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A Swiss anaesthesiology closed claims analysis: report of events in the years 1987-2008


Staender, S; Schaer, H; Clergue, F; Gerber, H; Pasch, T; Skarvan, K; Meister, B (2011). A Swiss anaesthesiology closed claims analysis: report of events in the years 1987-2008. European Journal of Anaesthesiology, 28(2):85-91.

Abstract

BACKGROUND AND OBJECTIVE:

In 1999, the Swiss Society of Anaesthesiology and Reanimation (SSAR) initiated an analysis of closed malpractice claims filed against anaesthetists in a project intended to improve patient safety. This article discusses the results of a review of closed claims between 1987 and 2008 and filed up to the end of 2009.
METHODS:

Records of closed claims were provided by Swiss professional medical liability insurance companies and the Office for Extrajudicial Expert Review of the Swiss Medical Association. Data were collected by an onsite reviewer, converted into a standardised format and sent to the SSAR Closed Claims Study Group.Assessment criteria employed by the committee were level of care (standard or substandard); severity of injury; appropriateness of patient information; and consent.
RESULTS:

The records of 171 events leading to anaesthesia-related injuries were entered into the database. These injuries occurred within the period 1987-2008. The majority of claims (54%) were related to regional anaesthesia, with general anaesthesia accounting for 28% and other anaesthesia-related procedures for 18%. The quality of care was judged by the committee to be substandard in 55% of cases, and liability was accepted in 46% of all claims. Negative outcomes were death in 12% and permanent injury in 63% of the patients.
CONCLUSION:

The closed claims analysis project enabled the SSAR to identify areas of high medicolegal risks to gain an insight into the causes of infrequent but potentially harmful events leading to anaesthesia-related injuries and, based on these data, to develop preventive strategies.

Abstract

BACKGROUND AND OBJECTIVE:

In 1999, the Swiss Society of Anaesthesiology and Reanimation (SSAR) initiated an analysis of closed malpractice claims filed against anaesthetists in a project intended to improve patient safety. This article discusses the results of a review of closed claims between 1987 and 2008 and filed up to the end of 2009.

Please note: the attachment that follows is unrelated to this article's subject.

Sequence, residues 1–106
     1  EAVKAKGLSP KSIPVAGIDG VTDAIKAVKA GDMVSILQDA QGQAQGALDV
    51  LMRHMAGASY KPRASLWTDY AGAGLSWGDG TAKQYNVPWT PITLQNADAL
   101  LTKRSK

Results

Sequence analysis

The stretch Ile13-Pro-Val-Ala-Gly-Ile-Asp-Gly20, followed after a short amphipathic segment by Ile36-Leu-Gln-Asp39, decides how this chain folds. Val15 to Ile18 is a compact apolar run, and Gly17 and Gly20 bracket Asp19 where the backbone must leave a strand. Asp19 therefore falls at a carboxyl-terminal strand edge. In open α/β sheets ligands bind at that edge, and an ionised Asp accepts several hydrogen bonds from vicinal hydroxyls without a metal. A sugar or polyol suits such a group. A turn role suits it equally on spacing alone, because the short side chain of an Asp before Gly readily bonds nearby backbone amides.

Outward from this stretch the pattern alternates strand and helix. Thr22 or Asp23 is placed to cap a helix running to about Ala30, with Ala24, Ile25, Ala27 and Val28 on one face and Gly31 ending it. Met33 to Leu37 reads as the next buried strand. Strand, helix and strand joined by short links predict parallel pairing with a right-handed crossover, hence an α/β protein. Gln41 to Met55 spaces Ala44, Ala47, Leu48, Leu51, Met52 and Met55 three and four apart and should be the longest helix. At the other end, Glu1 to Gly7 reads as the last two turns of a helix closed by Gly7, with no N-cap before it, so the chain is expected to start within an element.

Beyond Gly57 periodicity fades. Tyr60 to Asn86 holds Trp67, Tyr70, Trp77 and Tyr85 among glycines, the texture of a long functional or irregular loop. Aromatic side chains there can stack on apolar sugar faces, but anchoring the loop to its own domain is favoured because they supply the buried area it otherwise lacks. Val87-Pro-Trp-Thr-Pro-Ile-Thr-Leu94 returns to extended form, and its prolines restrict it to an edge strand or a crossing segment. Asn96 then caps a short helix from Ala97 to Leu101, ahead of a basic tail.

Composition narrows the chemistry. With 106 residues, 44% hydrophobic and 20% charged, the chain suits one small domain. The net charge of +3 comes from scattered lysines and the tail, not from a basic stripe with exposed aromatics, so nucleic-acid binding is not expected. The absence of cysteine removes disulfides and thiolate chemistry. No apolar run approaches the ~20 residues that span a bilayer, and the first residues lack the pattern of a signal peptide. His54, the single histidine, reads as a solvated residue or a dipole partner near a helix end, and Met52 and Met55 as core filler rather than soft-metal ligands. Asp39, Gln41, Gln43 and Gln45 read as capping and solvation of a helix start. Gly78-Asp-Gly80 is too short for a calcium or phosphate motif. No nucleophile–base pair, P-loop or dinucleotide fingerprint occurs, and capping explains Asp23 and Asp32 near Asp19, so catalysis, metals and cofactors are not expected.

METHODS:

Records of closed claims were provided by Swiss professional medical liability insurance companies and the Office for Extrajudicial Expert Review of the Swiss Medical Association. Data were collected by an onsite reviewer, converted into a standardised format and sent to the SSAR Closed Claims Study Group.Assessment criteria employed by the committee were level of care (standard or substandard); severity of injury; appropriateness of patient information; and consent.
RESULTS:

The records of 171 events leading to anaesthesia-related injuries were entered into the database. These injuries occurred within the period 1987-2008. The majority of claims (54%) were related to regional anaesthesia, with general anaesthesia accounting for 28% and other anaesthesia-related procedures for 18%. The quality of care was judged by the committee to be substandard in 55% of cases, and liability was accepted in 46% of all claims. Negative outcomes were death in 12% and permanent injury in 63% of the patients.
CONCLUSION:

The closed claims analysis project enabled the SSAR to identify areas of high medicolegal risks to gain an insight into the causes of infrequent but potentially harmful events leading to anaesthesia-related injuries and, based on these data, to develop preventive strategies.

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11 citations in Web of Science®
15 citations in Scopus®
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Additional indexing

Item Type:Journal Article, refereed, original work
Communities & Collections:04 Faculty of Medicine > University Hospital Zurich > Institute of Anesthesiology
Dewey Decimal Classification:610 Medicine & health
Language:English
Date:2011
Deposited On:08 Jan 2012 10:25
Last Modified:05 Apr 2016 15:18
Publisher:Lippincott Wiliams & Wilkins
ISSN:0265-0215
Additional Information:Comment in: Eur J Anaesthesiol. 2011 Feb;28(2):77
Publisher DOI:https://doi.org/10.1097/EJA.0b013e3283414fea
PubMed ID:21088588

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